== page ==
Paul’s unit is given a guard detail over a supply dump located in an
There is a concrete dugout there and they take the opportunity to get as much rest and food as possible. The scrounger around the village and find a large mahogany bed with a mattress and they move this into their dugout so that they can enjoy this luxury.
When they find two pigs they are able to prepare a feast. Paul makes
some pancakes, but the smoke from their fire attracts the attention of enemy artillery and suddenly the area receives an intensive bombardment.
The men gather up their food and rush for the dugout, but Paul will not take refuge until he has finished cooking his pancakes. He manages to escape the bombardment and save all the pancakes, and the men start a long period of feasting. With coffee and cognac, and a stray cat that becomes a pet, it is almost like being at home.
Unfortunately, the richness of the food brings on bouts of diarrhea.
The men enjoy this life for three weeks before they are moved to another village that is to be evacuated. They take the furniture and the cat with them.
During this evacuation Kropp and Paul and wounded by a falling shell and
they are taken to a nearby Hospital. Kropp has been wounded very close to his knee and he is fearful that his leg will need to be amputated.
Kropp soon develops a fever and his leg is in fact amputated. Paul discovers that the Hospital is a good place to learn more about the horrors of war.
One of the patients, a soldier in his 40’s called Lewandowski, is excited
that his wife is coming to visit him.
He has not seen her for two years, or the child that she has borne. He is keen to have somewhere private in order to be alone with his wife, but this would not be allowed by the nuns in this Catholic hospital. However, some of the other men rally round and provide a diversion by playing with Lewandowski’s child, guarding the door and playing cards while the couple make love on the soldier’s bed. Afterwards, they all share the food that Lewandowski’s wife has brought.
Kropp recovers from his amputation, but he is now understandably
depressed. Paul too has recovered from his wounds, and he is given leave to go home to recuperate. He finds his mother much weaker and it is even more difficult to part from her when it is time to return
to the Front.
This Chapter perhaps provides one of the lighter episodes in the book, and
we enjoy the soldiers’ preparation for their feast, although they have to scurry to their bunker when there is an artillery bombardment.
Paul’s decision to remain exposed until his pancakes are finished indicates
his philosophical attitude to the war.
He considers that if it is his turn to die, then he will be hit by a shell. What is more important to him is eating these delicious pancakes. He might well die tomorrow and never have tasted them. This attitude is shared by the other soldiers who take pains to protect their food while they head for cover. They are all prepared to risk death provided that they are able to enjoy this meal.
When Paul arrives at the Catholic Hospital to have his wounds attended to,
his boyish modesty shines through the hard coarse exterior of this veteran soldier. He is conscious of his own grimy appearance and does not wish to soil the clean sheets on his bunk in the Hospital.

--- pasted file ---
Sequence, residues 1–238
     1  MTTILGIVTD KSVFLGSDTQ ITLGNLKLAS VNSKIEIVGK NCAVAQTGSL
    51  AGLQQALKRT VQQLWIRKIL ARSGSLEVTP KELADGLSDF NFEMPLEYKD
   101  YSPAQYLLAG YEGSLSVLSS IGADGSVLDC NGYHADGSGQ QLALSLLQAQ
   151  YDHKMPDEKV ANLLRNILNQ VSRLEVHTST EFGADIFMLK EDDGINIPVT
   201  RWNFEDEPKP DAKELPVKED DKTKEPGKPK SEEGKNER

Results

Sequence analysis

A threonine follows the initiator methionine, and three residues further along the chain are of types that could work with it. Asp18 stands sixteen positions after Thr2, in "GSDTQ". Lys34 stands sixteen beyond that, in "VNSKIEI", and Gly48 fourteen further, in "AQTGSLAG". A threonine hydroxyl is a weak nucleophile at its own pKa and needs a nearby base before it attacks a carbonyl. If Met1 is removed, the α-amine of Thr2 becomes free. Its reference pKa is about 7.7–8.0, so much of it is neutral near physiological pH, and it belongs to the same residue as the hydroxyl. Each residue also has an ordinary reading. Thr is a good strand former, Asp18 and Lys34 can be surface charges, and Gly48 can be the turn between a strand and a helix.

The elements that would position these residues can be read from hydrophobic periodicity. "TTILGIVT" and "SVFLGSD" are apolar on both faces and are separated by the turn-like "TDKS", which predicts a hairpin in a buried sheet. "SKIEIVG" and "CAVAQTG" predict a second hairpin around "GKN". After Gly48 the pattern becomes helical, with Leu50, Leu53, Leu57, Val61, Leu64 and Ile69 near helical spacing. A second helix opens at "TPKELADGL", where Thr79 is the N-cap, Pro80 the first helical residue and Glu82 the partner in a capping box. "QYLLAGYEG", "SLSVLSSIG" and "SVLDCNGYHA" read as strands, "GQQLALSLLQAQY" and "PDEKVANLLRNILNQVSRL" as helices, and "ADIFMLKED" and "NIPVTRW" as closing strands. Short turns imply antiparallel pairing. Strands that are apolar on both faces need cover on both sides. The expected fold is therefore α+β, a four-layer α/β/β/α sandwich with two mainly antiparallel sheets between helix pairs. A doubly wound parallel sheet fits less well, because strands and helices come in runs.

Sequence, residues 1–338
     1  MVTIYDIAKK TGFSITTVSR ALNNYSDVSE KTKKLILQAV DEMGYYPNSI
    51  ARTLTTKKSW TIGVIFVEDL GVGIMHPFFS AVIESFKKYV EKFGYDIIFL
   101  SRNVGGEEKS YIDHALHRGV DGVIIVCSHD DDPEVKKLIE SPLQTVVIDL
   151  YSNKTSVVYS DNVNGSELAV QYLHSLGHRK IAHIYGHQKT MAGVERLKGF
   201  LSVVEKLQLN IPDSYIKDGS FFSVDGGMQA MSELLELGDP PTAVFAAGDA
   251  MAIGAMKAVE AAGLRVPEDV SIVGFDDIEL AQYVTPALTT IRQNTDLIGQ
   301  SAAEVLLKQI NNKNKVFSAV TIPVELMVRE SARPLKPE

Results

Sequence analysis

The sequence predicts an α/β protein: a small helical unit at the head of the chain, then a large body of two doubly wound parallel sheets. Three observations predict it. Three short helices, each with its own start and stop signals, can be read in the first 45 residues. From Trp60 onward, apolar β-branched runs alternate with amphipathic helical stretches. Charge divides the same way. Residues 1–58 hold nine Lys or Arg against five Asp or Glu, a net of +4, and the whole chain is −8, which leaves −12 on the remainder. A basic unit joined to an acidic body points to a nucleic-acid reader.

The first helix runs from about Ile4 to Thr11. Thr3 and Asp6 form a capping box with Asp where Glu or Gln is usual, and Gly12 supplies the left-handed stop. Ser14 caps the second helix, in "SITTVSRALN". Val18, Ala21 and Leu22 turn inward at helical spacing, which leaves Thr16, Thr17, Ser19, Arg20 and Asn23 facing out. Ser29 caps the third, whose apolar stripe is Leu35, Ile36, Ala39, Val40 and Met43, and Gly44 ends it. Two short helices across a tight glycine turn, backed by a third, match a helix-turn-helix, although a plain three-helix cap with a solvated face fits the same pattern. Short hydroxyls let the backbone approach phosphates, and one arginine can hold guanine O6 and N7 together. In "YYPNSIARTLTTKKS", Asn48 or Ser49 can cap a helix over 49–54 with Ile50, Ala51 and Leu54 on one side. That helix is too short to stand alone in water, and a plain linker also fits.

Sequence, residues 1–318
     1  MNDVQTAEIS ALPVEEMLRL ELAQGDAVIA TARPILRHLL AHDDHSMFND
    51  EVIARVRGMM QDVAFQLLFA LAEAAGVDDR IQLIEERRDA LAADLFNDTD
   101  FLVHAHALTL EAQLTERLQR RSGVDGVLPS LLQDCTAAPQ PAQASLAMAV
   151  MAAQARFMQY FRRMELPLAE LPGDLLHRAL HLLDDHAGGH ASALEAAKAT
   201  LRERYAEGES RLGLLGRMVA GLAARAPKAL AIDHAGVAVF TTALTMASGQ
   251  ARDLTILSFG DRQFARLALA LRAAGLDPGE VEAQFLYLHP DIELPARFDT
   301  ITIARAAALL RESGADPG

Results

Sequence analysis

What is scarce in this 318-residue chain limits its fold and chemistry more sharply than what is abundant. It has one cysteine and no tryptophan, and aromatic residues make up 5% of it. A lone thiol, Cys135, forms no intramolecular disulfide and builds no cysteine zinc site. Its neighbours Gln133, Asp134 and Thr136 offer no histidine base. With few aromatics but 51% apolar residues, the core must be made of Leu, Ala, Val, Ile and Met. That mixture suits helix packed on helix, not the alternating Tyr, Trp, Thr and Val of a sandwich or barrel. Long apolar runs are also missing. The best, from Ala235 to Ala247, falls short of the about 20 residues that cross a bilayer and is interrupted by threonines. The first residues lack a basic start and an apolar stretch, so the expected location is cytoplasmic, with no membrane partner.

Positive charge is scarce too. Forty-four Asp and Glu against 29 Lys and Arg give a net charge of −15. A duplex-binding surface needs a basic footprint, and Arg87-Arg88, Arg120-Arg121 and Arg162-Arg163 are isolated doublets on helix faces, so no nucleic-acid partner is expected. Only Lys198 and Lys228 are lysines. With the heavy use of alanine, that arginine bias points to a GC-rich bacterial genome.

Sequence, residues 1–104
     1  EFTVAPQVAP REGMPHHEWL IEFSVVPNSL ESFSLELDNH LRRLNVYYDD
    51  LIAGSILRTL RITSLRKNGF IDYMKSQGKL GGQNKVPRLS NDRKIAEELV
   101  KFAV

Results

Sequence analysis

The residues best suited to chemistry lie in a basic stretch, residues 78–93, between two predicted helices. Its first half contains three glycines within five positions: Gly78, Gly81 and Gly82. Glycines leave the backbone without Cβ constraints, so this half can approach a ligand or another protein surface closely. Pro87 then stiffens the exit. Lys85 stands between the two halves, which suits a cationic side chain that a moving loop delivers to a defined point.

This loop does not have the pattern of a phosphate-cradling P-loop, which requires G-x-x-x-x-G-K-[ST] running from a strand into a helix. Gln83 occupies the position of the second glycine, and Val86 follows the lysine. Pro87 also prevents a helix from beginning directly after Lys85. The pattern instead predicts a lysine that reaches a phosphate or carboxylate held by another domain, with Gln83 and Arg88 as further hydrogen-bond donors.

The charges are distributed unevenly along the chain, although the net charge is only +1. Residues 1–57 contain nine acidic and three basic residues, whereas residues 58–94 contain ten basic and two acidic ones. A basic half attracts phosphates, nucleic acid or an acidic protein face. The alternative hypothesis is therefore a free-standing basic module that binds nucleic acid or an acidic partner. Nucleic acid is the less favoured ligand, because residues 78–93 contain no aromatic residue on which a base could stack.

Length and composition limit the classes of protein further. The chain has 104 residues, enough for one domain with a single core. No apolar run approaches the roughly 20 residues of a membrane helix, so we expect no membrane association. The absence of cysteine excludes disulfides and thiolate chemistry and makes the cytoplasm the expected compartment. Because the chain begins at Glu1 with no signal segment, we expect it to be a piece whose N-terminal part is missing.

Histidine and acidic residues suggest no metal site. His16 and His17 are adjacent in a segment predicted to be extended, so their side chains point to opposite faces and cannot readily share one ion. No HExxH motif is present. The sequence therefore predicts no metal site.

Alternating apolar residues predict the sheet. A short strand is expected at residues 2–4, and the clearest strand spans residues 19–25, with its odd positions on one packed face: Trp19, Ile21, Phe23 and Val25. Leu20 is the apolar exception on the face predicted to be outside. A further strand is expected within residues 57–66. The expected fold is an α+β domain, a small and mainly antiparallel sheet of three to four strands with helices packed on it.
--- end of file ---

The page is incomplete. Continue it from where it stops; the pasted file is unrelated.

Remarque is commenting on the fact that despite all the rigors of the battlefield, Paul’s innocence has not been completely destroyed. He still wishes to retain some modesty in this strange setting.
We note how the patients use their cunning and survival techniques in order to circumvent the authority of the nuns in the Hospital. The patients know that they can get up to mischief when the nuns are at prayer.
We note how the soldiers cling on to the vestiges of normal human behavior,
demonstrated by Lewandowski’s anticipation of his wife’s visit. He wishes to connect with the real world again and this can be obtained by being intimate with his wife.
The other soldiers in the ward collaborate in order for Lewandowski’s dream to come true, and they will also share in the elation that Lewandowski will experience, for they too will gain a tenuous link with reality.
The turnover of soldiers in the Hospital is quite alarming, and the staff
has an efficient system for dealing with the various types of injuries that they tend. Those soldiers that won’t survive go to the ‘dying room’. The other patients are sorted according to their type of
injury. We read, “On the floor below us there are men with stomach and spinal wounds, men with head wounds and men with both legs and arms amputated.
In the right-hand wing are men with wounds in the jaw, men who have been gassed and men wounded in the nose, ears or throat. In the left-hand wing are those who have been blinded and men who have been hit in the lungs or in the pelvis, in one of the joints, in the kidneys, in the testicles or in the stomach. It is only here that you realize all the different places where a man can be hit.”
Through Paul’s narration, Remarque tells us that everyone who studies
warfare should visit a Hospital where much can be learnt. After Paul’s tour of the Hospital he is left in the quandary of how our society can allow these butcher shops to exist when mankind has a history of
over 1,000 years of civilization. How can there be any future for mankind when all his knowledge is used to reduce everything in terms of death?
Remarque gives us the feeling that he did not have much time for the doctors
in the Hospitals during the First World War.
He infers that they were too keen to amputate limbs because this was easier than trying to save limbs; the latter alternative requires much more intensive care. With amputation, one way or another, the problem will be solved quickly.